Written by Karen
What were your feelings when you first found out about Lily’s (your granddaughter’s) identification as having a hearing loss?
Lily was such a beautiful, healthy baby that the diagnosis blindsided us. The biggest question was how and why did deafness occur in this precious baby. Hoping against all odds that the diagnosis was wrong.
Reality sunk in and the biggest need was to support the parents who were processing this new reality. The baby was flourishing and content. We were inundated with information that was foreign to us and hard to assimilate.
We were on a steep learning curve. Early Intervention services were there from the first supporting the family and providing all of us with hope that dealing with deafness was doable. One step at a time. Also trying to make sure toddler big brother didn’t get pushed to the sidelines. A perfect job for the grandparents.
How did you support your granddaughter and her family moving forward?
Once the dust settled we needed to know how to help this baby no matter what. She needed all the family to be engaged, face the diagnosis and help where needed.
In other words she needed to be treated like a regular baby but with a specific identifiable need. Her parents were both fully involved with whatever was offered. As grandparents we needed to learn about hearing aids and the myriad challenges that accompany trying to get a three month old baby to “cooperate” in wearing them.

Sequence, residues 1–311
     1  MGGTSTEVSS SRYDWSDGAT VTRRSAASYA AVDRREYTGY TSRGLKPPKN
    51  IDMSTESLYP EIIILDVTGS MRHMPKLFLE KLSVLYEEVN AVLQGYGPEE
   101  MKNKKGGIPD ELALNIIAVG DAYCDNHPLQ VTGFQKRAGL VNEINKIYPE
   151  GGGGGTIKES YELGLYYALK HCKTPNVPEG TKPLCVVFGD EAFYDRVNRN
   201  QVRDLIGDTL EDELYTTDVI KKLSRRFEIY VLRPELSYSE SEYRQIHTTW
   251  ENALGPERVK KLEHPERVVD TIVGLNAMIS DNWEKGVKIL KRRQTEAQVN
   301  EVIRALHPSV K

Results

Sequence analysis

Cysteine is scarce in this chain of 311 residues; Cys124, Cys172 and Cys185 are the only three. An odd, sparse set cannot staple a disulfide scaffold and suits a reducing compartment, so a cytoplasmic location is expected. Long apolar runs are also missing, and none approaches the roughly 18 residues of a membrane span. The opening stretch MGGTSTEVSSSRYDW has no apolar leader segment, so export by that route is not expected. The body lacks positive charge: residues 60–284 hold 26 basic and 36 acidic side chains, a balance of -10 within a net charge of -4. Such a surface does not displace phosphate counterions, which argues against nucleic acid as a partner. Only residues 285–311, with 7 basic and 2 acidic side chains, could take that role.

Our daughter was involved with early intervention services from the start and educated us as grandparents so that we were on board at all times.
We treated our granddaughter like any baby, lots of cuddles, facial expressions, play, books – all the normal stuff and talking to her so that sound was not foreign to her when her hearing aids were in.
How have your lives benefited from having a dhh grandchild?
On a positive note our whole world was opened to children who are hard of hearing or deaf. We learned of resources available to the children of B.C. up to five years of age at no cost to the families. We also were encouraged as grandparents to be involved with all aspects of the services offered. I went to a basic sign language class for families of deaf children so that we could communicate with our granddaughter at an early age.
The early intervention preschool classes observed through a two-way window were very instrumental in tutoring me how to communicate with and encourage her. The staff were amazing and so welcoming to family involvement.
The journey with our granddaughter has educated us in the challenges facing the deaf community, the tools that are available for babies and up – hearing aids and cochlear implants and the need to support those with challenges of any kind, not just the spectrum of hard of hearing and deafness.
What else would you share with grandparents who are just starting this journey?
Above all do not treat your grandchild any differently from any other grandchild, each child is unique, love them unconditionally, engage with them and give them support and encouragement as needed.